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Organizing Your Family Tree Photographs

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  • kynpmvbwhxov
    Most family tree software now enables you to link your data to digital photographs. It s much more rewarding to view the family tree data when there are faces
    Message 1 of 1 , Dec 1, 2009
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      Most family tree software now enables you to link your data to digital photographs. It's much more rewarding to view the family tree data when there are faces linked to the names (even if those people tended not to smile for picture-taking).
      But keeping track of all those family tree photographs requires a different organization method than what you use for your present-day photographs.
      Once you scan a photo, save it into two folders: JPEG PHOTOS BY SURNAME JPEG PHOTOS OF FAMILY
      This folder contains sub-folders that are labeled by surname.

      For example: Cornwell Dunn McNally ... Modesto

      This makes it easy to find all the family members with a particular surname.
      No sub-folders for this one. All of the photographs are "loose," which makes it easier to view them as thumbnails and to link to them from your family tree software program.
      All of the photographs are listed with the following naming method:
      If the picture is of an individual, label it:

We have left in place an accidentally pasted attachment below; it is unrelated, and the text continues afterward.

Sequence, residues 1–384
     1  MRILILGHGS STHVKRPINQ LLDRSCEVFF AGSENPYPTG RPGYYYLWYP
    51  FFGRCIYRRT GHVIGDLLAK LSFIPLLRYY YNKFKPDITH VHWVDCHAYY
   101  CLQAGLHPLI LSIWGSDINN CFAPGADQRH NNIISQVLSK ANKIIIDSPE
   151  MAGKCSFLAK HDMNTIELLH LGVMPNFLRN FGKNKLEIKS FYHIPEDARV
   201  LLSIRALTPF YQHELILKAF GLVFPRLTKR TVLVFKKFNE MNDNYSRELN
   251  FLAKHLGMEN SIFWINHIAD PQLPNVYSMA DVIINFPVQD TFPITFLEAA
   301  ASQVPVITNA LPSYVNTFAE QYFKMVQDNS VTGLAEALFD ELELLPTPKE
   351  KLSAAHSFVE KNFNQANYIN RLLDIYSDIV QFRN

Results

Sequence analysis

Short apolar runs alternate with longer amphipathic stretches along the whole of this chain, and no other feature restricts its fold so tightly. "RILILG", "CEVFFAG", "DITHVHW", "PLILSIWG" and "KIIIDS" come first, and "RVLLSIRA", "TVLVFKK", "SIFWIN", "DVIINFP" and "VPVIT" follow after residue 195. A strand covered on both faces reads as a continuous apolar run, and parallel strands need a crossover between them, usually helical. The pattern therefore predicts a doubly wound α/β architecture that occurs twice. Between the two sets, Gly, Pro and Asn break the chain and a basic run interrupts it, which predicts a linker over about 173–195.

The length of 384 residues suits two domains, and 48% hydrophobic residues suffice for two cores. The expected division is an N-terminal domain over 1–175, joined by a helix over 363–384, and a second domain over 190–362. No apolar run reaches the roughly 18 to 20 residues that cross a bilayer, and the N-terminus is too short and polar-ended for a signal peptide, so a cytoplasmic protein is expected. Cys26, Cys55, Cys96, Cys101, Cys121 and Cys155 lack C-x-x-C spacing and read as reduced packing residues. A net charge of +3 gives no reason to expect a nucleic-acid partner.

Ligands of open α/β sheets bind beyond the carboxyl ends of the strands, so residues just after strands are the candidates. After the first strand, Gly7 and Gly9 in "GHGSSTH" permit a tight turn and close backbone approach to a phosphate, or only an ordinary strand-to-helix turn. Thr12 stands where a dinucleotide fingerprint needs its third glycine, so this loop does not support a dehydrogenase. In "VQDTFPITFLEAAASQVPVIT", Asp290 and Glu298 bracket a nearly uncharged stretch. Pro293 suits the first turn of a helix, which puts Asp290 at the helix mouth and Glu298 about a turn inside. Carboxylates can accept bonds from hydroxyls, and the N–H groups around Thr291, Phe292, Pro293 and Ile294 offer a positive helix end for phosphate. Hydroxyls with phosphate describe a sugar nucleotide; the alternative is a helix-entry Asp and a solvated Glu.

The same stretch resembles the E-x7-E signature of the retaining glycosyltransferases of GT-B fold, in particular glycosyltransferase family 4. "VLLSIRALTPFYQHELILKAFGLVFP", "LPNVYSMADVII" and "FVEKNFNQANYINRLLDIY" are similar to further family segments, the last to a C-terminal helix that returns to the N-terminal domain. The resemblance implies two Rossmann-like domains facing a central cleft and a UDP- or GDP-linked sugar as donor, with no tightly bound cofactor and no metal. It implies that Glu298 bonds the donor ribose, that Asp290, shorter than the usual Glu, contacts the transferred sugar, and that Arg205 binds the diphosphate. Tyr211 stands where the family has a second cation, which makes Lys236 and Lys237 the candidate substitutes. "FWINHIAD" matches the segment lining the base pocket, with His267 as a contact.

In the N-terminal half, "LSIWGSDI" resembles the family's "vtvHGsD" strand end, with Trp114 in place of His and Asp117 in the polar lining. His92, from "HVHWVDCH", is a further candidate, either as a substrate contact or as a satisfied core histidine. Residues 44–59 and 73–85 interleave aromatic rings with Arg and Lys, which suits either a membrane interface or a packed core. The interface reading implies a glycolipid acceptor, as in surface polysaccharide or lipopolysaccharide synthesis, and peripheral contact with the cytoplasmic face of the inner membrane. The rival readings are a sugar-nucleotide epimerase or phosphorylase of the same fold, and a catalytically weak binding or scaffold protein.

For example:

      Note: Having the birth year or some other notation helps when you have 5 people named John Dunn in the family.
      If the photo is of a cemetery marker, the name of the cemetery is listed first.

      For example:

      Note: The abbreviation "oss" means "on the same stone."
      This makes it easy to pull up which of the relatives are all buried in a particular cemetery.
      You would also create a copy of the photograph and name it for the wife under her maiden name:

      For example:

      If you are a very thorough person, you can also use the "properties" feature of the file (right-click on the file in Explorer and select the Properties command) to summarize who is in the picture.
      Note: For sequences of photos, label the last part of each photo with '1 of 5', '2 of 5', etc. to keep them together.
      If you're uncertain how to label a photograph that doesn't include people (such as a farmhouse), use the name of the person you have a blood relationship with.

      For example:

      Tip 1: If you're on a quest to have headstone photos of your ancestors, copy the filenames into a word-processing document. Bring it with you on field trips. That way you can quickly check to see if you have a cemetery marker photo or not.
      Tip 2: To label photographs of women whose maiden name is unknown, use the following naming method:

      This helps you see right away which women are missing a maiden name. Also, if the name is a common one, identifying the husband's first name helps keep them all straight.
      No doubt you'll want to tweak this method to find something that works for you and your family names. But whatever you do, don't forget to back up your photographs!

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